Dispute a Credit Card Charge

Sometimes it may be necessary to dispute a credit card charge. Read this article to learn more about what it means to dispute a charge on your credit card, what to look for, and what to do if you do find something amiss on your credit card statement.

It can sometimes happen that a purchase doesn’t work out for whatever reason, there’s a problem with a merchant, someone makes a mistake, or there is an attempt at fraud. In any of these cases, the result can be a charge that you need to query or dispute on your credit card bill. This article will give you some guidance about this process.

First Things First

The first thing you have to do to be able to dispute a charge on your credit card is to know that there’s something wrong. This means that you have to either have a very good memory or a documented record (for example, your receipts carefully collected) of your purchases, and that you have to have examined your monthly statement, whether in paper form or online.

Saving your receipts is a good idea anyway because any guarantee or warranty on what you purchase may depend on it, but it’s very important to save them at least through the billing cycle in which they appear on your statement, so you can compare if necessary.

(If/when you do decide it’s time for them to go, remember to shred them rather than just throw them away.) If you have at least a few purchases, going through your statement each month and comparing them to your receipts is a good idea.

What Should You Look For?

Knowing the circumstances that can happen will help you know what to look for. Here are some of the key scenarios:

  • Not your credit. It is rare, but possible, that someone else’s charge or payment could be credited to your account. All it may take is a misreading or mis-recording of one digit. Once, with a balance of a couple of hundred dollars, I saw a credit for over $30,000 on my statement. Obviously, not my payment, and quickly straightened out - much to the delight of the payer, I’m sure.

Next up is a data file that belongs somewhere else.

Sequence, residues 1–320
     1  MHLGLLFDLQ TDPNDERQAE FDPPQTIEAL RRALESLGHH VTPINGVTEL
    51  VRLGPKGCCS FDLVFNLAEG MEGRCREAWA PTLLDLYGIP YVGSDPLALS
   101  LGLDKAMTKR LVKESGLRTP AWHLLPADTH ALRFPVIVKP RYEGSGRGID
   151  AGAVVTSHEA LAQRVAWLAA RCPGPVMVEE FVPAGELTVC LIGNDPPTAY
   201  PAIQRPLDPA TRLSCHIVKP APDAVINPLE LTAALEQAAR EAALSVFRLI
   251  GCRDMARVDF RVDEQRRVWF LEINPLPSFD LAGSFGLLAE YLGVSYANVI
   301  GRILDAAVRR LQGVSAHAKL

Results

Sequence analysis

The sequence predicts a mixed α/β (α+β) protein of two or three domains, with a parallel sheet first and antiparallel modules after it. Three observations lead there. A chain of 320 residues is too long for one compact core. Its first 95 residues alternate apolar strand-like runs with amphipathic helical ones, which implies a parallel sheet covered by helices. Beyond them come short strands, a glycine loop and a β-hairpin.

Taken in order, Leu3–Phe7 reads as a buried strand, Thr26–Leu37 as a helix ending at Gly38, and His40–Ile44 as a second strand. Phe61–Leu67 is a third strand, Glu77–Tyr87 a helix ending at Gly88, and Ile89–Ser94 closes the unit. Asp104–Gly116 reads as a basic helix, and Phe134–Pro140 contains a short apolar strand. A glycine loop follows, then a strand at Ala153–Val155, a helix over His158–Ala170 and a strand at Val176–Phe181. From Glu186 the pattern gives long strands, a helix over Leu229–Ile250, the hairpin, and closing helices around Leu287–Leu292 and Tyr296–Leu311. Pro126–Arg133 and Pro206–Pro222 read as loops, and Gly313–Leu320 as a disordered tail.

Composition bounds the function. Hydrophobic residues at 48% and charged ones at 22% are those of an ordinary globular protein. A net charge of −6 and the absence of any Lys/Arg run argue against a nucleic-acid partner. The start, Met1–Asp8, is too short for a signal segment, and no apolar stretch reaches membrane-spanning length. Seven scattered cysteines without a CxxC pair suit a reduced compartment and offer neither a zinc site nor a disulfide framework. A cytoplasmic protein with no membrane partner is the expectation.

• Not your charge. If you didn’t authorize the charge, then it shouldn’t appear on your statement. (Unless you know exactly how and why this happened, this is a strong hint that you should check your credit report for possible fraud or identity theft.)
  • Wrong date or amount. The statement should match the receipt.
  • Your ordered it, but you either didn’t receive it, or returned it. If you refused delivery on an item (this could happen if you tried to cancel an order, but it had already gone out) or you sent it back, you should not be charged for it. Keep in mind that - depending on timing - the charge may have been reversed but not in time to get into the statement cycle in the same month as the original charge.

Now What?

Okay, so say you find one of the above. What do you do? Well, several things.

First, go to the Federal Trade Commission website (www.ftc.gov) and look for the Fair Credit Billing Act. This act explains the consumer protection measures that are in place and tells you exactly how to take advantage of the protection the law offers.

To summarize, you

  1. Write to the creditor at their “billing inquiries” address and provide full contact information for yourself, a clear statement of the error, and a photocopy on the sales slips and/or any other documents you need to refer to to make your point. The FTC provides a model letter.
  2. Keeping a copy for your records, make sure your letter reaches the creditor within 60 days after the first bill that shows the error was mailed to you.
  3. Use a trackable method, such as certified mail with a return receipt, so that you can prove that the creditor received it.

Either the problem must be resolved, or the creditor has 30 days after receipt of your complaint to respond in writing. Two billing cycles are allowed for resolution of the dispute. During this time, you may withhold payment, but you should inform the credit card company of the situation, not just withhold part of the full amount without explanation.

If the creditor responds and confirms that the bill is incorrect, then the creditor should supply a correction, credit your account, and remove any extra charges, such as finance charges, that were applied. If the creditor maintains that the bill is correct, they must explain in writing, and the bill, as well as all applicable fees become due. At this point, you have only 10 days to respond, and if an agreement is not reached, the creditor may begin collection and may report the delinquency to a credit bureau, after informing you that it intends to do so. At this point, you may be able to seek a legal remedy, if necessary. You may also wish to seek assistance from your local Better Business Bureau and your state attorney general’s office consumer protection division.

If the creditor does not follow the procedure, it forfeits its ability to collect the disputed amount, even if it can prove that the bill is correct.

Damaged or Faulty Merchandise

Quality disputes are a different topic, as far as the law goes. But you can follow the same procedure stated above towards the card issuer if:

  • your purchase was made using your credit card
  • the purchase was made either in the state where you live or within 100 miles of your billing addresss
  • you try, in good faith, to seek resolution with the merchant first.

Related Article: Managing Your Credit Card Balance >>


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